Studies have shown that by using EMDR therapy, people can accelerate the benefits of psychotherapy that used to take years to make a difference.
EMDR therapy it is now recognized as an effective form of treatment for both trauma (any disturbing experience that could be rape, car accident etc) and “every day” issues (anxiety, low self-esteem etc.) Over 100,000 clinicians throughout the world use the EMDR training.
EMDR is an eight-phase treatment that uses eye movements or other stimulation:
Phase 1: History Taking. Generally, those with adult onset trauma can be successfully treated in under 5 hours. Multiple or severe trauma victims may require a longer treatment time.
Phase 2: Help with Handling Emotional Distress. The therapist may teach the client a variety of techniques they can use during and between sessions. One of the main goals of EMDR is to produce change while the client maintains stability during and between sessions.
Phases 3-6: Target Identification and processing. Using EMDR therapy procedures the client identifies the vivid image related to the memory, a negative feeling about themself and any emotions and body sensations that arise. The client then additionally identifies a positive belief. Their therapist then helps the client rate the positive belief while intensifying the negative emotions. After this, the client will focus on the image, negative thought and body sensations while engaging in EMDR; this can include eye movements, taps or tones but the type and length of the set is different for everyone. At this point, the client will take time to just notice what occurs in their body. Depending on what the client notices, the clinician will decide on the next course of action. These repeated sets occur numerous times throughout the session; if they become distressed or have a difficult time, the therapist will follow established procedures to get their client back on track.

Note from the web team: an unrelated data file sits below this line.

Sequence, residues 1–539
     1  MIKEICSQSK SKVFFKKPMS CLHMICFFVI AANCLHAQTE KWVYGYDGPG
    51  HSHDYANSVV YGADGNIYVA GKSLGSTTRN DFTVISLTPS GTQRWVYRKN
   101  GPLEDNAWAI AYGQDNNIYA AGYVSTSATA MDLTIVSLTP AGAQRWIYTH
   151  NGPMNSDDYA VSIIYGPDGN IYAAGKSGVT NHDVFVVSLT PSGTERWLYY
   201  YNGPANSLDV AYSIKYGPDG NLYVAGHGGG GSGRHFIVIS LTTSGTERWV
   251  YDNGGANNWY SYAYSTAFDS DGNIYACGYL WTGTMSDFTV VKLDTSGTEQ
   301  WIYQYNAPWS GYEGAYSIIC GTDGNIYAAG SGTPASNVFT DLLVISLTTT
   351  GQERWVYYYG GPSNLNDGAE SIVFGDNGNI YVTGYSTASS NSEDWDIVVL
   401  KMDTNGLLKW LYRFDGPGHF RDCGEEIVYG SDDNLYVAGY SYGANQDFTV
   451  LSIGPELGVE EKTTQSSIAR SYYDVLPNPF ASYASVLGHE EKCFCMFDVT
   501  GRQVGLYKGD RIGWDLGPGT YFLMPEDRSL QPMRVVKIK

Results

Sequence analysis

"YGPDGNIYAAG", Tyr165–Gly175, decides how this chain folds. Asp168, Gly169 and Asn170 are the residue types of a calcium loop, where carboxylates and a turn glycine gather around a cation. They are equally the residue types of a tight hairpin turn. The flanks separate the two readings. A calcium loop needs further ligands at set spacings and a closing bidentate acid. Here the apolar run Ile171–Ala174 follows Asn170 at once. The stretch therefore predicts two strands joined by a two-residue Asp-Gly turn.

After each of these sets of stimulation, the clinician instructs the client to let his/her mind go blank and to notice whatever thought, feeling, image, memory, etc comes to mind. Depending on what the client experiences, the clinician will choose the next focus of attention. These repeated sets with directed focused attention will occur multiple times throughout the session. If the client becomes upset or has difficulty progressing in the process, the therapist follows established procedures to help the client get back on track.
When the client experiences zero distress related to the targeted memory, (s)he is asked to think of the positive feeling / memory / thought that was identified at the beginning of the session. At this time, the client can adjust the positive belief if they would like, and then focus on it during the next set of distressing events.
Phase 7: Closure
Phase 8: Examining the progress made thus far.
EMDR shows that the mind can heal from psychological trauma similar to how the body recovers from physical trauma. Using the protocols and procedures learned in EMDR therapy training sessions, clinicians help their clients activate their natural healing processes.
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